From using digital models and maps to enhance the understanding of historical landscapes, to exploring novel approaches that help with early identification of autism, to accelerating energy innovation, interdisciplinary research at Duke University takes many forms and can range from a single scholar to a cross-campus team of investigators.
University-wide institutes, initiatives and centers (UICs) are catalysts for interdisciplinary research, though Duke supports many types of innovative scholarly research and artistic activity that crosses the boundaries of departments and schools. UIC support for interdisciplinary research begins with logistical assistance. Collectively, the UICs annually manage around $31 million in grants for faculty across the university. UICs also supply crucial technical services and training to faculty and students across Duke and administrative support, funding and space to a wide assortment of interdisciplinary centers, working groups, projects, labs and scholarly networks. The Social Science Research Institute, for example, offers a protected network exclusively for sensitive research data.
Bass Connections, a university-wide initiative, brings together faculty and students from all levels and schools to work on interdisciplinary research teams.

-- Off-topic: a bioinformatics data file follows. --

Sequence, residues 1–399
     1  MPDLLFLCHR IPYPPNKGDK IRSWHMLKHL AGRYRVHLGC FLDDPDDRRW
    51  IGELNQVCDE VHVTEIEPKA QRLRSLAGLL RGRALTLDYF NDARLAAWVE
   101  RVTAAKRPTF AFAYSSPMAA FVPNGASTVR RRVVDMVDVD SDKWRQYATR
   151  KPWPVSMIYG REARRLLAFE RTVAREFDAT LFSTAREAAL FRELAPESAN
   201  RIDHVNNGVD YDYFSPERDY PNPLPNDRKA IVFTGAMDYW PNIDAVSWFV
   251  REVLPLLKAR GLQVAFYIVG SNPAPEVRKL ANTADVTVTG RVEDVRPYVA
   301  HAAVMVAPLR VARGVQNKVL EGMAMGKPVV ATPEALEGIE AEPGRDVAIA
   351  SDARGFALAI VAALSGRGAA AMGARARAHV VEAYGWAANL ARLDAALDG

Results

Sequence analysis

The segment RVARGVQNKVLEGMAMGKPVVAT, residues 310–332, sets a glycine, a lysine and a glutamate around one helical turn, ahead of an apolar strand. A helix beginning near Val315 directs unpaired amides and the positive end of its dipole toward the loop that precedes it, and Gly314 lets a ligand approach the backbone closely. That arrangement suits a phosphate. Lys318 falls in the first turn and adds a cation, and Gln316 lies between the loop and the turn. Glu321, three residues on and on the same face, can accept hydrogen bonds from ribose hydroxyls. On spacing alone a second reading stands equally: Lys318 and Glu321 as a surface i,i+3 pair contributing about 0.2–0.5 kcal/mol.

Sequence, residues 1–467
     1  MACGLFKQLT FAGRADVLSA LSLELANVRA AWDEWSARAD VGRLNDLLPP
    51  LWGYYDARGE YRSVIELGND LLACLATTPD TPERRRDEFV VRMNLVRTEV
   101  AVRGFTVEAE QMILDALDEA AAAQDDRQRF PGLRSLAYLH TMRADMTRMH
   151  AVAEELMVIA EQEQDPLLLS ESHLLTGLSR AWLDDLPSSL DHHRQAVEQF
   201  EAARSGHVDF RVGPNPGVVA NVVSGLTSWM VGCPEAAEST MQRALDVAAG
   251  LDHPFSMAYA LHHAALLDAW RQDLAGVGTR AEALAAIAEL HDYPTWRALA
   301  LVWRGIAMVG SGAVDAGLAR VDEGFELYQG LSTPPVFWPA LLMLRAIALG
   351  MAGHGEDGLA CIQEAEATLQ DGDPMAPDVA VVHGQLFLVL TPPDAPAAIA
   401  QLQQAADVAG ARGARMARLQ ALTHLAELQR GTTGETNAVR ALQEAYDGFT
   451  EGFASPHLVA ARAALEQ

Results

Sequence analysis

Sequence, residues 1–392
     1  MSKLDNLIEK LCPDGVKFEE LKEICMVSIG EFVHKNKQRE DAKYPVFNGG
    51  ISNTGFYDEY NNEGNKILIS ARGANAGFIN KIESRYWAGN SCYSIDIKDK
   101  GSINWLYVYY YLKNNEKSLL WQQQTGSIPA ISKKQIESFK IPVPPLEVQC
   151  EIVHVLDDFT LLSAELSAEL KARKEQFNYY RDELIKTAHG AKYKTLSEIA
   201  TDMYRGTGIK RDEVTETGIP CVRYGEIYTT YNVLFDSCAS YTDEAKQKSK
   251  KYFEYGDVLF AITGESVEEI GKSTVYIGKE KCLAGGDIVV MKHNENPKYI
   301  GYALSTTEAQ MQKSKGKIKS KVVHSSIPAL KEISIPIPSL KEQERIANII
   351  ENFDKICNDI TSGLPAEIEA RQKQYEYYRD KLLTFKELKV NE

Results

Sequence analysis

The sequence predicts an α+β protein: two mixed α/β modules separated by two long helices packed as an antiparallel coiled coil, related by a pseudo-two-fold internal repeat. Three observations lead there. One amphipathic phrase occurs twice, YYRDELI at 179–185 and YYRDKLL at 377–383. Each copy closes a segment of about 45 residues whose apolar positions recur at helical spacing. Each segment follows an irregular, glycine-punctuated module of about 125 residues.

MEDx, created in 2015, encourages new collaborations among faculty from the School of Medicine and Pratt School of Engineering as well as other schools, institutes and initiatives at Duke.
Here are just a few examples of how undergraduates, graduate students and faculty are engaging in interdisciplinary research at Duke:
After volunteering at a nursing home for her service-learning class, Miurel Price felt connected to the people in the home and intrigued by how different forms of art could shape their health. As a Program II major, Price began researching holistic therapies through dance. “I’m excited for them to create their own work and be in charge of something that is theirs,” she says of the residents.
English PhD student Mary Caton Lingold’s interest in the intersection of literature and music has driven her to teach a class on this topic and participate in interdisciplinary projects such as the Haiti Lab and Banjology. “It’s about the community that’s formed,” she says. “Fostering interdisciplinary collaboration helps to capitalize on the energy that grad students bring to their field.”
As a Duke Law professor and Kenan Institute for Ethics Senior Fellow interested in international law, Laurence Helfer researches legal systems in Southeast Asia, the Andes, the Caribbean and Africa and is a visiting professor at the University of Copenhagen. He says his interdisciplinary perspective “gives me a clear-eyed view of what international law and institutions can realistically accomplish.”